The IRS issued guidance on the new Sec. 199A deduction for qualified business income in the form of proposed regulations and a separate notice on how to calculate W-2 wages for those purposes.
Final regulations address how taxpayers can comply with the requirements for adequate substantiation of charitable contributions of money or property.
Four states have sued in U.S. district court, asking to invalidate the $10,000 limit on the deduction for state and local taxes enacted as part of last year’s tax overhaul.
The AICPA’s Tax Executive Committee sent a letter to the IRS, urging the Service to simplify the proposed draft 2019 Form W-4, Employee’s Withholding Allowance Certificate.
The IRS is working on a draft version of the 2018 Form 1040, U.S. Individual Income Tax Return, that reduces the size of the form to two half-pages in length and eliminates more than 50 lines.
The IRS released a draft Form W-4, Employee’s Withholding Allowance Certificate, and its instructions, for individual taxpayers to use to determine their income tax withholding for 2019.
The IRS issued the inflation-adjusted contribution limits for 2019 for health savings accounts.
The IRS announced it will allow taxpayers to treat $6,900 as the 2018 limit for deductible contributions to HSAs for individuals with family coverage.
Taxpayers who receive income from fiscal-year passthrough entities need guidance on when to claim the new Sec. 199A deduction for qualified business income.
The IRS has completed updating its online withholding calculator that individual taxpayers can use to determine how many withholding allowances they should claim for 2018.
The Bipartisan Budget Act of 2018 has many tax provisions, including retroactive extensions of a number of tax credits.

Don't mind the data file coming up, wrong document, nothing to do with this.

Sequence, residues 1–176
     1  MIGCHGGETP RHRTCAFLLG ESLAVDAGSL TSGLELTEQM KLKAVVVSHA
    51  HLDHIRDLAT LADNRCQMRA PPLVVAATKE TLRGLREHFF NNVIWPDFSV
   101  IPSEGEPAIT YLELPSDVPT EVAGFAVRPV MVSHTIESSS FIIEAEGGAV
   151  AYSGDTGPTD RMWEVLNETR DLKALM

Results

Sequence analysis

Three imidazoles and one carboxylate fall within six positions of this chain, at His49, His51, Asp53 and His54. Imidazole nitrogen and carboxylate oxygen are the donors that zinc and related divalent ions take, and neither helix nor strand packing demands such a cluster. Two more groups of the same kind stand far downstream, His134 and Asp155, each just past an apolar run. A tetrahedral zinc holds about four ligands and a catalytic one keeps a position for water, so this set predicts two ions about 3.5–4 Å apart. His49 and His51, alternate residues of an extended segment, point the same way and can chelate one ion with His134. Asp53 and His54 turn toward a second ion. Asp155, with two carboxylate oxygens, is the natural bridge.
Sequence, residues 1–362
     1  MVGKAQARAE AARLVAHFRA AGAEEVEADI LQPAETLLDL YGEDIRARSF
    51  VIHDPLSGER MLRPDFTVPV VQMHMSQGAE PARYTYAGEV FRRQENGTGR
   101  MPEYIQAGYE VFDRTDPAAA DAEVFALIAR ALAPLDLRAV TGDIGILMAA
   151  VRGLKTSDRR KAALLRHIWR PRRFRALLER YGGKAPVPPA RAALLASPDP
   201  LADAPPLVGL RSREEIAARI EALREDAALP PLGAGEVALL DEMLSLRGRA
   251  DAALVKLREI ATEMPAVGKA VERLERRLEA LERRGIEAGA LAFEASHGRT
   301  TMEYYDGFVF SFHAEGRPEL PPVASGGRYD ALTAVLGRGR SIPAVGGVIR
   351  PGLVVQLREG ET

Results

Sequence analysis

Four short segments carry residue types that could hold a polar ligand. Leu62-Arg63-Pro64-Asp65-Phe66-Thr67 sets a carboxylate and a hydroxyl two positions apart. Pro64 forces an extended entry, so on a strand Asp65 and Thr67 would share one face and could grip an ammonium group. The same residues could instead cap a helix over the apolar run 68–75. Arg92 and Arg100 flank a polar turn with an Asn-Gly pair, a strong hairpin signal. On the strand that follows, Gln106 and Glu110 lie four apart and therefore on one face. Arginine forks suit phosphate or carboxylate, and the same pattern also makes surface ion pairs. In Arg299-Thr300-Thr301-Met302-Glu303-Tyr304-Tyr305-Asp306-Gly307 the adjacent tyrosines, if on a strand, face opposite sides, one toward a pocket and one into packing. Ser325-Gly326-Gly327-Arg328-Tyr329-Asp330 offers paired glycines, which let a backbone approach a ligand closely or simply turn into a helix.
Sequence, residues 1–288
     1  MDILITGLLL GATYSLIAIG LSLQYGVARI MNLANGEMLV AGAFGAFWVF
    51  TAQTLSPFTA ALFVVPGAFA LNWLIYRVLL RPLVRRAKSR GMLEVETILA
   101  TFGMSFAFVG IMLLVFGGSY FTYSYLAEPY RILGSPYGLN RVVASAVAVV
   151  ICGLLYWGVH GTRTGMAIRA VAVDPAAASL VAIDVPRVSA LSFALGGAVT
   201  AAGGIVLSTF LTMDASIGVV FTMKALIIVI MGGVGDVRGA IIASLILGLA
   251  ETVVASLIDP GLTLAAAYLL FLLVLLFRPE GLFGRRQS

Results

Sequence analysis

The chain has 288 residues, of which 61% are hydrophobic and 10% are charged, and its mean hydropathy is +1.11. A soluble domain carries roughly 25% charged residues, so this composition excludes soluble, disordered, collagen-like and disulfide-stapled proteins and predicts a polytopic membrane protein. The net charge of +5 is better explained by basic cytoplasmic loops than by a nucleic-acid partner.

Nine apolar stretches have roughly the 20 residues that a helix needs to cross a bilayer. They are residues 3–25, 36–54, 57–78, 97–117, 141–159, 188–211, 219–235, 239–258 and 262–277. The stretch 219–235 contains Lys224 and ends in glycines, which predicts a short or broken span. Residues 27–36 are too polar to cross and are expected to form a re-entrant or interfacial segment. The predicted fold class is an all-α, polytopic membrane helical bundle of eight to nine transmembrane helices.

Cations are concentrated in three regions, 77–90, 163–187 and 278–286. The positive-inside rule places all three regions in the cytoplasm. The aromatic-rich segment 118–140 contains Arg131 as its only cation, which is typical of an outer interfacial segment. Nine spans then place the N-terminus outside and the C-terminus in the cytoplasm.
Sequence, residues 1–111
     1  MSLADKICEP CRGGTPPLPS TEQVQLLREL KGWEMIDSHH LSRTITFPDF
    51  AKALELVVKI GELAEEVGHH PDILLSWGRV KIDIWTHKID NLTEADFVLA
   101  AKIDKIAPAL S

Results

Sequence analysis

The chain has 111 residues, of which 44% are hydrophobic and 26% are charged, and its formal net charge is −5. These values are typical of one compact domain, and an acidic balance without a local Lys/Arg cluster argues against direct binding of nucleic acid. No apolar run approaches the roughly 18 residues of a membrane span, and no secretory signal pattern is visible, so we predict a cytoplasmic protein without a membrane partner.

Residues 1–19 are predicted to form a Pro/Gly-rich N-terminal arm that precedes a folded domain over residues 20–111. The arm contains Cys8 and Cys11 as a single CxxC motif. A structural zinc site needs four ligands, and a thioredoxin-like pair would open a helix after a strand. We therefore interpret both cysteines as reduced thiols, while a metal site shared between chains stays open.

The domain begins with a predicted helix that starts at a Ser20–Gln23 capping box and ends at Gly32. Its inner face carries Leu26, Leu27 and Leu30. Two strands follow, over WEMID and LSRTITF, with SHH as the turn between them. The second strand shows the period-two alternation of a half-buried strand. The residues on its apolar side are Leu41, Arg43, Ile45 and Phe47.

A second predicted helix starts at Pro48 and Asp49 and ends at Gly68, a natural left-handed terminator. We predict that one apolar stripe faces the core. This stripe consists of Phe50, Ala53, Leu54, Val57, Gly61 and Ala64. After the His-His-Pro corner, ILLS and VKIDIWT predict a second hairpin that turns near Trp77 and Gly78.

The IRS issued Notice 2018-14 to provide more guidance on the withholding rules that were changed by P.L. 115-97, known as the Tax Cuts and Jobs Act.
The IRS issued new tax withholding tables for 2018 to be used to implement the changes to the tax law enacted last month.
The tax reform legislation that Congress will consider this week contains many provisions affecting individuals—and many changes from both the House and Senate bills.
The House of Representatives reapproved tax reform legislation on Wednesday, sending the bill to President Donald Trump for his signature.
The Senate voted early today in favor of the Tax Cuts and Jobs Act, H.R. 1, which the House of Representatives had approved Tuesday.
The IRS issued the standard mileage rates for business, medical and moving expenses incurred in 2018.
In anticipation of the possible elimination or reduction of the state and local income tax deduction, some are suggesting that taxpayers should prepay their 2018 state taxes in 2017. Here’s why that probably won’t work.
The SSA said that the maximum amount of wages subject to the 6.2% Social Security tax in 2018 will rise a little more than 1%, after a much larger increase last year.
From new tax rates to fewer deductions, credits, and exclusions, the tax reform bill released by the House would have wide-ranging effects on the taxation of individuals.